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DST Domesday

While Benjamin Franklin may have been first to suggest saving daylight in
1784, he made no mention Daylight Saving Time (DST). It was William Willett
who first officially proposed DST to the British government, though he was
unable to convince Parliment to adopt it. Though often referred to as “summer
time” in British English, it was the Germans (during World War One, no less)
who first put DST into practice, choosing the initial dates of April 30th,
1916, through October 1st, 1916. Not to be outdone, the Brits followed suit,
first adopting it between May 21st and October 1st, 1916. Newfoundland lead
North America in the charge, and in March of 1918, the U.S. Congress
established DST from the last Sunday in March to the last Sunday in October,
only to have Congress repeal it in 1919. President Woodrow Wilson vetoed the
repeal, but Congress overrode it. Despite the very American proverb, “Early
to bed, early to rise,” American’s don’t like to be told to get out of bed
any earlier than they have to…

Everything ticked right along until August 8, 2005, when President George W.
Bush signed the Energy Policy Act of 2005. This Act changed the time change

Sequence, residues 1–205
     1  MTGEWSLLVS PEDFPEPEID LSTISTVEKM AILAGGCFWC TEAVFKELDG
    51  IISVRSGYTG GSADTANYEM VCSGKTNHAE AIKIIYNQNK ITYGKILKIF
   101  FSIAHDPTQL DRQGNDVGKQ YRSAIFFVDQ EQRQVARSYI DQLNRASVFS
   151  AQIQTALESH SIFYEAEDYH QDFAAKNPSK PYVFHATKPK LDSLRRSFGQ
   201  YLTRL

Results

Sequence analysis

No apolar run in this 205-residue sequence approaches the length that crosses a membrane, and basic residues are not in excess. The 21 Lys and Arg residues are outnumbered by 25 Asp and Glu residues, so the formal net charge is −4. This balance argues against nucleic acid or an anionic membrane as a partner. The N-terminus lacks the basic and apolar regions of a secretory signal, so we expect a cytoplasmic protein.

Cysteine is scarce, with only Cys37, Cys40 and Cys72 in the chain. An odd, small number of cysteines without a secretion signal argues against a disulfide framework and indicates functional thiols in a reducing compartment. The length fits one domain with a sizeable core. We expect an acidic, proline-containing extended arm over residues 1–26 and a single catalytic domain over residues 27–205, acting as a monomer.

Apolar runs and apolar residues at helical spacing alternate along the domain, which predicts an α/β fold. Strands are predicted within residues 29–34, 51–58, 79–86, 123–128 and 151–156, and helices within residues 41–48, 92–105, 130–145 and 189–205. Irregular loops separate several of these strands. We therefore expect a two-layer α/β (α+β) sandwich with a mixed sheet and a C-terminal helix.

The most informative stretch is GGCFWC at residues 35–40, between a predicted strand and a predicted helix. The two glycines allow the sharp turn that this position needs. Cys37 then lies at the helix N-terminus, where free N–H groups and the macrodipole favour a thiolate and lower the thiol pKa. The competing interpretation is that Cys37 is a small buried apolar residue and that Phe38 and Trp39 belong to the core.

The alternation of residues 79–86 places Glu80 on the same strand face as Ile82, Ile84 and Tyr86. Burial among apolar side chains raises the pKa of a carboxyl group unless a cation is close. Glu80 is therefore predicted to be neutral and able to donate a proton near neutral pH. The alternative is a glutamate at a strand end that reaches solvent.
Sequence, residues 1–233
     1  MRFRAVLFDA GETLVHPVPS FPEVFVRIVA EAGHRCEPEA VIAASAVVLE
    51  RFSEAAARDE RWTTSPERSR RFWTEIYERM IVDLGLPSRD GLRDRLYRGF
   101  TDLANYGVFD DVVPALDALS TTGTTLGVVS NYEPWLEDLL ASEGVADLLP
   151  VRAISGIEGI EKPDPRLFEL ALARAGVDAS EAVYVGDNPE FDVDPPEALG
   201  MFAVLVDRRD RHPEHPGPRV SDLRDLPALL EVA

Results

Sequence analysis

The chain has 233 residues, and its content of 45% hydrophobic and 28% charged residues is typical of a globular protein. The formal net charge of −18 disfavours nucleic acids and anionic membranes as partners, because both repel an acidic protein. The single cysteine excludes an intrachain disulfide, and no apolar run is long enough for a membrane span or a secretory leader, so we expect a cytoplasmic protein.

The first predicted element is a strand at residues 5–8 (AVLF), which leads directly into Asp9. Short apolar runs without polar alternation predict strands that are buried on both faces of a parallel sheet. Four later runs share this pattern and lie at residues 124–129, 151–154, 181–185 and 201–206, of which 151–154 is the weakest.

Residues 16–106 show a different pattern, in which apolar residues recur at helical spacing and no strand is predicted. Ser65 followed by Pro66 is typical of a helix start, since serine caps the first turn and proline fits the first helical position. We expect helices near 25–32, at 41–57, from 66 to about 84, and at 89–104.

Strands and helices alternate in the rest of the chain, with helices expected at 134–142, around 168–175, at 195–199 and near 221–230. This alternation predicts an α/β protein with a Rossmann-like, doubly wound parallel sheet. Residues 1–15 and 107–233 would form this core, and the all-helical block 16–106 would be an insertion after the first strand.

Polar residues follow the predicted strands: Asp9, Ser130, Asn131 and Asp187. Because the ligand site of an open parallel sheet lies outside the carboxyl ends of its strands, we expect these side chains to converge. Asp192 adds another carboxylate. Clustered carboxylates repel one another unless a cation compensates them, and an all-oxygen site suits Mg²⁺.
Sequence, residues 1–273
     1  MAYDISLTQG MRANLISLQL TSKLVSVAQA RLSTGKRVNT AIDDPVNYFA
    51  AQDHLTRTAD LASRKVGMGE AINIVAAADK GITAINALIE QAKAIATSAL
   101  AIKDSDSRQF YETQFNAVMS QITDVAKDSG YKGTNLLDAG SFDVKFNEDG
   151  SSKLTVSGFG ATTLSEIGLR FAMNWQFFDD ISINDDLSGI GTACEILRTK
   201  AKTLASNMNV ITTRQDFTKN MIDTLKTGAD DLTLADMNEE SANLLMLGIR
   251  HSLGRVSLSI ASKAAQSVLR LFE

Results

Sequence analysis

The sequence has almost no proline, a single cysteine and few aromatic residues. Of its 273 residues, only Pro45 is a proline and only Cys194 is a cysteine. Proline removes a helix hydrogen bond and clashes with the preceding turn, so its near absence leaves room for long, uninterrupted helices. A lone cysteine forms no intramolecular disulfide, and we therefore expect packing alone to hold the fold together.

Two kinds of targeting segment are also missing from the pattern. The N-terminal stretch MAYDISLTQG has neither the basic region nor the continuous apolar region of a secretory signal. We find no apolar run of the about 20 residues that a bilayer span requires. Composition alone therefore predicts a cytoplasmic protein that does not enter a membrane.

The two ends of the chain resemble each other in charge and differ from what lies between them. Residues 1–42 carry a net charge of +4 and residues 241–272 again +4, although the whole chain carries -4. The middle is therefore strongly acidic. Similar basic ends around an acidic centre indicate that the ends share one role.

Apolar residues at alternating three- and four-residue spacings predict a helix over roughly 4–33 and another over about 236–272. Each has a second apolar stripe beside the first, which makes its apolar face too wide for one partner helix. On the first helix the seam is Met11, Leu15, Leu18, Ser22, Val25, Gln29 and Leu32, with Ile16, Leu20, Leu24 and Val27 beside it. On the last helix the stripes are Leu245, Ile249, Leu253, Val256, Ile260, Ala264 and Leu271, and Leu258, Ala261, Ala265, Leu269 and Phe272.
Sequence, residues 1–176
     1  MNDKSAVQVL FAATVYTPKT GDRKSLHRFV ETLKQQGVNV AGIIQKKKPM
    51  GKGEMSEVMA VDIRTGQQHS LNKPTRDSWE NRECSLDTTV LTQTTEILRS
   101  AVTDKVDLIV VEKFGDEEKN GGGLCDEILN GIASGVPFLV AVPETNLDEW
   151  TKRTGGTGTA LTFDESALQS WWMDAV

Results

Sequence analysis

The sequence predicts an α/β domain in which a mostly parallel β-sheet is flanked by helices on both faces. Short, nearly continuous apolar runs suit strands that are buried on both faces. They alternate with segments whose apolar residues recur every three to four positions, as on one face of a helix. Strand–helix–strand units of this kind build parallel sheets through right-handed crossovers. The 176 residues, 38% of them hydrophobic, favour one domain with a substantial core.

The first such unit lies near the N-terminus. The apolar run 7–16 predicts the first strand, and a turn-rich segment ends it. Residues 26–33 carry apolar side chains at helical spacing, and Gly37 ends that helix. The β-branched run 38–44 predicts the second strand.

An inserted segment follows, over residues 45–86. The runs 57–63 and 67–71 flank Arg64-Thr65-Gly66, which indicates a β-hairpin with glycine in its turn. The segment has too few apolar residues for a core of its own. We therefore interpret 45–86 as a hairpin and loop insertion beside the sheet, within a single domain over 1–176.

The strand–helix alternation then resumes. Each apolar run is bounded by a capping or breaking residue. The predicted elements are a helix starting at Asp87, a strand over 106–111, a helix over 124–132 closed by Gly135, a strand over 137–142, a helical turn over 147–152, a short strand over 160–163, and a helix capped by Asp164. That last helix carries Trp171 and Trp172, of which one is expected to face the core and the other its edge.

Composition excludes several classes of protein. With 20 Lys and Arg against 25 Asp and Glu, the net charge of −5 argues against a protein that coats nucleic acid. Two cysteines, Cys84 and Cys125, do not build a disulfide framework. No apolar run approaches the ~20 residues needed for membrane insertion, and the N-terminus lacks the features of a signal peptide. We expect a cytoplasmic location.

dates for Daylight Saving Time in the US. Beginning this year, DST will begin
on the second Sunday in March and end the first Sunday in November.

This gives us a new term: Y2K7

Y2K7 refers to the Year 2007 problem, caused by this US-mandated change to
Daylight Saving Time, which could have widespread repercussions in the
computer industry.

Any device that automatically corrects its clock to match the time changes to
Daylight Saving Time, such as a personal computers or VCR, now needs to be
updated so that the device knows of the new rules. If the devices are not
updated, they will show an incorrect time for three weeks in March and one
week in November, and cause a number of problems including having e-mail with
incorrect timestamps, events in calendaring software being displayed
incorrectly and some authentication software, such as Kerberos in Mac OS, not
behaving properly.[1] To avoid these problems users either have to update
their devices manually when Daylight Saving Time changes, or update their
software to newer versions.

If you want to know how to do that, wikipedia has a fairly exhaustive list of
updates for various Operating systems, from i5/OS to Mac OS 10.5. You can
find this page by googling for y2k7 and wikipedia.

Incidentally, the band Coldplay’s song “Clocks” was co-written by Chris
Martin, great-great grandson of DST inventor William Willett.

That’s it for your dose of DST deliverance and thats that for BarretTime.

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